CIDP is a distinctly uncommon disease, about which little is known, a fact that Manguso valued “for its irrefutable proof of [her] specialness.” It is interesting that, just as many distinguished people have had a long childhood illness that conferred this feeling, Jill Taylor Bolte too feels what she describes as “joy” at her illness. Taylor, a Harvard University–trained neuroanatomist, had a disabling stroke, which temporarily robbed her of all cognitive function and of the ability to talk, understand speech, or move her body purposefully. As the stroke was unfolding, she understood what was happening to her sufficiently well to claim—in retrospect—“Wow, how many scientists have the opportunity to study their own brain function and mental deterioration from the inside out?”

Taylor, unlike Manguso, is not a nuanced writer, but her account is absorbing. To set the stage for what happened, in a chapter called “Jill’s Pre-Stroke Life,” she sketches her undergraduate and Ph.D. training at Indiana State University, and her postdoctoral work at Harvard Medical School in the department of neuroscience. After finishing her postdoc, to further her growing interest in the neuroanatomic basis of psychiatric disturbances, she moved to the department of psychiatry. Readers are then prepared for the onset of her stroke and its aftermath with two chapters that provide some basic information about how our brains work: “Simple Science,” a primer on cerebral function, and “Hemispheric Asymmetries,” which provides the neurological background for the main message of the book.

Taylor’s “Simple Science” section is indeed fairly simple, but in the process of simplification, she also omits some important information, both about the plasticity of the human brain, of which she is a profound admirer, and about the main cause of strokes. Part of her aim is to educate readers about these disasters, so she uses the American Stroke Association’s standard subdivision of strokes into “ischemic,” arising from the blockage of a blood vessel that supplies vital oxygen and nutrients to the brain, and “hemorrhagic,” from rupture of a blood vessel with bleeding directly into the brain substance. But for some reason she describes only a single kind of ischemic stroke, “embolic”: “a blood clot travels into the artery until the tapered diameter of the artery becomes too small for the clot to pass any farther,” thus depriving part of the brain of its neuron-preserving blood flow. She leaves out the most common form of ischemic and of all strokes, “thrombotic.” Thrombotic strokes are important not only because of their frequency, but because they are to a major extent preventable and thus have become the focus of public health educational campaigns.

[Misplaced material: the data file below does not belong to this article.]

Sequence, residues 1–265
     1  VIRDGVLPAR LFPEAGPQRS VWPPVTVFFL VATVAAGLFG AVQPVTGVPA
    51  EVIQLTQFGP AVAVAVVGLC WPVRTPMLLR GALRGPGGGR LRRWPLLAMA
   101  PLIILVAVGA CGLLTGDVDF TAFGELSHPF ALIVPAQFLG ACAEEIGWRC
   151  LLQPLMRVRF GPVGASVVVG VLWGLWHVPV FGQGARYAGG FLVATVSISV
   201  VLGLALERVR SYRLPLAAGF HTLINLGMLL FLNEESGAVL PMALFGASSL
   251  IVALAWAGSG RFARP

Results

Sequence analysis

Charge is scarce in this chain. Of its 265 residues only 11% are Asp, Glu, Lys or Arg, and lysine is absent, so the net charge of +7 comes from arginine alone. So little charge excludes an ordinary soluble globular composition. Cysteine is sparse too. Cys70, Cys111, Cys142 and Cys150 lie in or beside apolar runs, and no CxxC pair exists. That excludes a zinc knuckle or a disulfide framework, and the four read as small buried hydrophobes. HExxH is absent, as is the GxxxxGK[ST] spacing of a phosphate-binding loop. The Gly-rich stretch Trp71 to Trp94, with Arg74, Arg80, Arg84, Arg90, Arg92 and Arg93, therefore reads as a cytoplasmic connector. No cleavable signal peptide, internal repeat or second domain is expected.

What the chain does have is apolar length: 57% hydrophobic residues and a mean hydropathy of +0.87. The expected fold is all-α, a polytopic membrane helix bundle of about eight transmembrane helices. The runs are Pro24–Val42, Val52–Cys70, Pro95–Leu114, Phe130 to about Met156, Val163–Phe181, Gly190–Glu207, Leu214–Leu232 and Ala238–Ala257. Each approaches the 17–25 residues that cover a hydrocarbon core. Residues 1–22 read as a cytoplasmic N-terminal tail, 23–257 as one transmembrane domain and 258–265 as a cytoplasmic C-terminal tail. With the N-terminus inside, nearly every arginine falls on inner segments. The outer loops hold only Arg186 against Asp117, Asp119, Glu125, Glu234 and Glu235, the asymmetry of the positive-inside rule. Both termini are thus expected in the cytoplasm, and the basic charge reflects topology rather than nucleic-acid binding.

Most ischemic strokes, like most heart attacks that damage the heart muscle (“myocardial infarctions”), are linked to high cholesterol and atherosclerosis. Such strokes and heart attacks are caused by the sudden formation of a thrombus, a blood clot that completely obstructs an artery already partly narrowed by an atherosclerotic plaque, a buildup of cholesterol, calcium, and other debris in the wall of a vessel supplying the brain or heart. The risk factors for the underlying atherosclerosis that provokes both forms are exactly the same—high blood pressure, smoking, elevated blood cholesterol and other plaque-generating lipids, lack of exercise, obesity, and diabetes.

Therefore, preventive measures are also exactly the same, though Taylor, more concerned with the emotional support of victims than with prevention, doesn’t mention any of the well-known recommendations to lose weight, stop smoking, etc., instead giving a list of forty do’s and don’ts for dealing with stroke victims: “I am not stupid, I am wounded. Please respect me,” “Come close, speak slowly, and enunciate clearly,” and so on. She also does not mention new therapeutic and preventative approaches to stroke, such as thrombus-dissolving enzymes, cholesterol-lowering drugs, and antiplatelet medications, the same agents that have already greatly lowered the incidence of myocardial infarction and improved its outcome when it occurs.